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Monia faces 11 new felony charges
A Cape Girardeau man now faces 15 felony charges in two counties in connection with a series of cases in which he is accused of defrauding nine people of $567,500.
Keith Monia, 52, already faced two counts each of forgery and financial exploitation of the elderly and a civil suit in connection with a pair of cases in which he is accused of defrauding three people of about $300,000 by telling them he was going to invest the money in annuities for them.
On Monday, Cape Girardeau County assistant prosecutor Angel Woodruff filed eight felony charges against Monia, and on July 26, a Scott County grand jury indicted him on three counts of financial exploitation of the elderly, adding to the two counts each of forgery and financial exploitation of the elderly filed earlier this year in Scott County.
The new charges came as a result of a state investigation into Monia's activities, Scott County Detective Branden Caid said.
One of the Cape Girardeau County cases involves a 2007 transaction that prompted the civil suit against Monia.
Paul Bollinger of Jackson sued Monia in 2010, saying Monia took $80,000 from him, promising to invest the money in annuities for him.
Monia claimed he believed the money was a gift.
Count 1 of the Cape Girardeau County warrant filed Monday charges Monia with Class A financial exploitation of the elderly in connection with the Bollinger case.
In addition, Woodruff charged Monia with a second count of Class A financial exploitation of the elderly, four counts of Class B financial exploitation of the elderly, one count of forgery and one count of stealing by deceit.
In all but two of the cases, Monia is alleged to have taken clients' money, promised to invest it in annuities plans for them, then failed to make the investments.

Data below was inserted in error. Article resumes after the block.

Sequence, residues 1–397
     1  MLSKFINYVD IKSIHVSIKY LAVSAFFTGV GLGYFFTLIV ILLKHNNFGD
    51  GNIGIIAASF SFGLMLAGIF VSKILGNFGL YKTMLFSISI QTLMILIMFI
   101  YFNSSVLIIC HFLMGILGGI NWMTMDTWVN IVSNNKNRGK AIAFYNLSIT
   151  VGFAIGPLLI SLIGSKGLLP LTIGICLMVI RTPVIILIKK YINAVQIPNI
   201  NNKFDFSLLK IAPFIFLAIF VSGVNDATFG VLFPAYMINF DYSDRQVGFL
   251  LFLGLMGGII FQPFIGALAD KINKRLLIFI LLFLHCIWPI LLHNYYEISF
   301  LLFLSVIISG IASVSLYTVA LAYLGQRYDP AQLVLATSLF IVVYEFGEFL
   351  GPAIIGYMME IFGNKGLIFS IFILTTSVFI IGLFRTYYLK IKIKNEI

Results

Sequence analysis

The remaining Cape Girardeau County charges -- one count of financial exploitation of the elderly and one count of forgery -- stem from a case in which Monia is accused of keeping $7,500 he was supposed to apply toward the purchase of a modular home for a client.
Caid of the Scott County Sheriff's Department has said in the initial case, Monia persuaded a Scott City couple to give him more than $200,000, most of which ended up going to George Joseph, 48.
In June, Joseph was charged with two counts of first-degree murder and one count of armed criminal action in connection with the May 30 shooting deaths of his wife and son.
After Caid's investigation into the Scott City case, the FBI began looking into Monia's activities, Caid said. The Missouri Department of Health and Senior Services then became involved.
"Since Health and Senior Services is mandated to investigate any case involving elder abuse, it was referred to them, because there's no jurisdictional boundary for the state officers," Caid said.
In April, Joseph told Caid he was a day trader who invested money for other people and had no idea Monia -- who once belonged to a 60-member investment club Joseph was running -- had not obtained the money through legitimate means, Caid said.
Monia contended he gave the money to Joseph to invest in annuities through American Equity, but Joseph failed to invest the money, Caid said.
Monia gave a similar explanation to a state investigator, according to a probable-cause statement filed in Cape Girardeau County Circuit Court.
"He told me all of the other transactions with American Equity went through Mr. George Joseph. He said Mr. Joseph turned those over to American Equity. Mr. Monia essentially maintained his claim that Mr. Joseph defrauded him and that he (Mr. Monia) was not guilty of any wrongdoing," investigator Gregrey Martin wrote in the statement.
During a preliminary hearing on Joseph's murder charges last month, Joseph's brother-in-law testified that Joseph had been researching money laundering the day before the shootings and was worried because he was the target of a federal investigation.
On July 25, Monia was granted a change of judge in the initial Scott County case. At the time, his lawyer also said he planned to request a change of venue.
Outside the courtroom that afternoon, Monia declined to comment.
Last week, Cape Girardeau County Circuit Judge Benjamin Lewis also granted a change of venue in Bollinger's civil case against Monia, transferring the case to Wayne County, Mo.
100 Court St., Jackson, MO
Map of pertinent addresses
- Probable cause statement in Monia fraud case (08/06/13)
- Monia granted change of judge (07/26/13)
- Joseph requests change of judge, venue in murder case (08/06/13)
- Witness: Double-murder suspect researched money laundering day before shootings (07/24/13)
- Joseph told detective he was running 60-member 'investment club' (06/20/13)
- Police: Joseph clients should call attorney (06/19/13)
- Monia's criminal charges (08/07/13)